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Body temperature regulation in hot environments

Nilsson, Jan Åke LU ; Molokwu, Mary Ngozi LU and Olsson, Ola LU (2016) In PLoS ONE 11(8).
Abstract

Organisms in hot environments will not be able to passively dissipate metabolically generated heat. Instead, they have to revert to evaporative cooling, a process that is energetically expensive and promotes excessive water loss. To alleviate these costs, birds in captivity let their body temperature increase, thereby entering a state of hyperthermia. Here we explore the use of hyperthermia in wild birds captured during the hot and dry season in central Nigeria. We found pronounced hyperthermia in several species with the highest body temperatures close to predicted lethal levels. Furthermore, birds let their body temperature increase in direct relation to ambient temperatures, increasing body temperature by 0.22°C for each degree of... (More)

Organisms in hot environments will not be able to passively dissipate metabolically generated heat. Instead, they have to revert to evaporative cooling, a process that is energetically expensive and promotes excessive water loss. To alleviate these costs, birds in captivity let their body temperature increase, thereby entering a state of hyperthermia. Here we explore the use of hyperthermia in wild birds captured during the hot and dry season in central Nigeria. We found pronounced hyperthermia in several species with the highest body temperatures close to predicted lethal levels. Furthermore, birds let their body temperature increase in direct relation to ambient temperatures, increasing body temperature by 0.22°C for each degree of increased ambient temperature. Thus to offset the costs of thermoregulation in ambient temperatures above the upper critical temperature, birds are willing to let their body temperatures increase by up to 5°C above normal temperatures. This flexibility in body temperature may be an important mechanism for birds to adjust to predicted increasing ambient temperatures in the future.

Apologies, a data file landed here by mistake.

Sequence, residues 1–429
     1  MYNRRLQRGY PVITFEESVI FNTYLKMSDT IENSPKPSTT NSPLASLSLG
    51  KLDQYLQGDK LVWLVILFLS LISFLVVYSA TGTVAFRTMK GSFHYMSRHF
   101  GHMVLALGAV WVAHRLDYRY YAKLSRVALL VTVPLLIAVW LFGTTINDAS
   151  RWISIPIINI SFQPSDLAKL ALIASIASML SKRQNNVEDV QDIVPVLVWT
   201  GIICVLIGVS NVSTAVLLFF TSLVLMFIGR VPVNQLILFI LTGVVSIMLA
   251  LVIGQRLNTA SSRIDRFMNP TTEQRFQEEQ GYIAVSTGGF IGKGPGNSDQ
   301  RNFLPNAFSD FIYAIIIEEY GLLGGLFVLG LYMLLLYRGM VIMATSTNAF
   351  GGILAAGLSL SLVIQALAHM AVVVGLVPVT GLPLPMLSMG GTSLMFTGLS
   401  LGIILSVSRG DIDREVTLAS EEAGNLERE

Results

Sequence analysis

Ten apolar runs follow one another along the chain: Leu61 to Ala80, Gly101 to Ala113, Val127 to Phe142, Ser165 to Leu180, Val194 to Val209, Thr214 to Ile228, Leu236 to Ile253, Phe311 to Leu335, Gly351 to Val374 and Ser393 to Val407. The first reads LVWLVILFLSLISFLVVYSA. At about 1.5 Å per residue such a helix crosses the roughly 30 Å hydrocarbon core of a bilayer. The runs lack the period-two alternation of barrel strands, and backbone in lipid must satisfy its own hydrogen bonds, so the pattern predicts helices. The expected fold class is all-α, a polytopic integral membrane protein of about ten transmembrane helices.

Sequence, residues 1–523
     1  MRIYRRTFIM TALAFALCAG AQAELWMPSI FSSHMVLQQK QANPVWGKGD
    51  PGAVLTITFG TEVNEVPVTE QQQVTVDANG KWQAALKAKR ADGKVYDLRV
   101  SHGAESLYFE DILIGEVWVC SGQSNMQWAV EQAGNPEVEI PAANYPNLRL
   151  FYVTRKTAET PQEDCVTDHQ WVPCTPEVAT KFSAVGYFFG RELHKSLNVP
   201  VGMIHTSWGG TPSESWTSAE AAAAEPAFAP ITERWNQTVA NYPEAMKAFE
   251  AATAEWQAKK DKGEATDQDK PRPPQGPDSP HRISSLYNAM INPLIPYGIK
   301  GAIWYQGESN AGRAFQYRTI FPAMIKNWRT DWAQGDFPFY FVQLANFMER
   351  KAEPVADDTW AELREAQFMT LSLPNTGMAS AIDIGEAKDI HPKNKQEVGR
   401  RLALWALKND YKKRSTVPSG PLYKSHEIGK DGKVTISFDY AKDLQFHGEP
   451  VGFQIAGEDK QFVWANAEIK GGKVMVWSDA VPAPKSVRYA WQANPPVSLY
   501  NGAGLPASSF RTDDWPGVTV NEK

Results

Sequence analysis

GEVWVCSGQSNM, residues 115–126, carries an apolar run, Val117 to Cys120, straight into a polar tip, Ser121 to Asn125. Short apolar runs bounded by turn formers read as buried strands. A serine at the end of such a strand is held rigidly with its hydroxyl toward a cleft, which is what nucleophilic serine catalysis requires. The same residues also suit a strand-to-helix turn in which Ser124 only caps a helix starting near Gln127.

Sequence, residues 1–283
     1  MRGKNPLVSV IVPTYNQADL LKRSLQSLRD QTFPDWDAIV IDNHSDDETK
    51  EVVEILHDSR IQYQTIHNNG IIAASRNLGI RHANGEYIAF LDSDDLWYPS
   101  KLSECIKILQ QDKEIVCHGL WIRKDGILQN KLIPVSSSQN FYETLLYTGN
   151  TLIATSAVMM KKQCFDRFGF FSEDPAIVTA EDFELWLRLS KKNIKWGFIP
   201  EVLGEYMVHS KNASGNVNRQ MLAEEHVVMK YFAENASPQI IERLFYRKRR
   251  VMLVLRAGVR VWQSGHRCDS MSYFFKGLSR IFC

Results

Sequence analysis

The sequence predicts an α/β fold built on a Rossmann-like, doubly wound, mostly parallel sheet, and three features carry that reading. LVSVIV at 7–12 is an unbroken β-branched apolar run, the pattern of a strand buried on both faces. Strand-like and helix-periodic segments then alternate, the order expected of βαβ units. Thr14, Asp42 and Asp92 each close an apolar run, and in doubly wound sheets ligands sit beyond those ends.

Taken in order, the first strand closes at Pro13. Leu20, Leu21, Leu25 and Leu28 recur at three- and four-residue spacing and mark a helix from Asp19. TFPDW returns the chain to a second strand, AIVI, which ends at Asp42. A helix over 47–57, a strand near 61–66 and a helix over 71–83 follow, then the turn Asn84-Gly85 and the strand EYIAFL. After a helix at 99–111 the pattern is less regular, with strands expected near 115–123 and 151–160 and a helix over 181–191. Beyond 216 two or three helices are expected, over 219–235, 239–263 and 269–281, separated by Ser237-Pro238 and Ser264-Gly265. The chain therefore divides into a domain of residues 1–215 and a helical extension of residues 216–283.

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author
organization
publishing date
type
Contribution to journal
publication status
published
subject
in
PLoS ONE
volume
11
issue
8
publisher
Public Library of Science
external identifiers
  • scopus:84984846140
  • wos:000381768400062
ISSN
1932-6203
DOI
10.1371/journal.pone.0161481
language
English
LU publication?
yes
id
32604fe3-3d9b-4e02-87c1-871f13a398aa
date added to LUP
2016-12-30 11:38:35
date last changed
2017-09-18 11:34:48
@article{32604fe3-3d9b-4e02-87c1-871f13a398aa,
  abstract     = {<p>Organisms in hot environments will not be able to passively dissipate metabolically generated heat. Instead, they have to revert to evaporative cooling, a process that is energetically expensive and promotes excessive water loss. To alleviate these costs, birds in captivity let their body temperature increase, thereby entering a state of hyperthermia. Here we explore the use of hyperthermia in wild birds captured during the hot and dry season in central Nigeria. We found pronounced hyperthermia in several species with the highest body temperatures close to predicted lethal levels. Furthermore, birds let their body temperature increase in direct relation to ambient temperatures, increasing body temperature by 0.22°C for each degree of increased ambient temperature. Thus to offset the costs of thermoregulation in ambient temperatures above the upper critical temperature, birds are willing to let their body temperatures increase by up to 5°C above normal temperatures. This flexibility in body temperature may be an important mechanism for birds to adjust to predicted increasing ambient temperatures in the future.</p>},
  articleno    = {e0161481},
  author       = {Nilsson, Jan Åke and Molokwu, Mary Ngozi and Olsson, Ola},
  issn         = {1932-6203},
  language     = {eng},
  month        = {08},
  number       = {8},
  publisher    = {Public Library of Science},
  series       = {PLoS ONE},
  title        = {Body temperature regulation in hot environments},
  url          = {http://dx.doi.org/10.1371/journal.pone.0161481},
  volume       = {11},
  year         = {2016},
}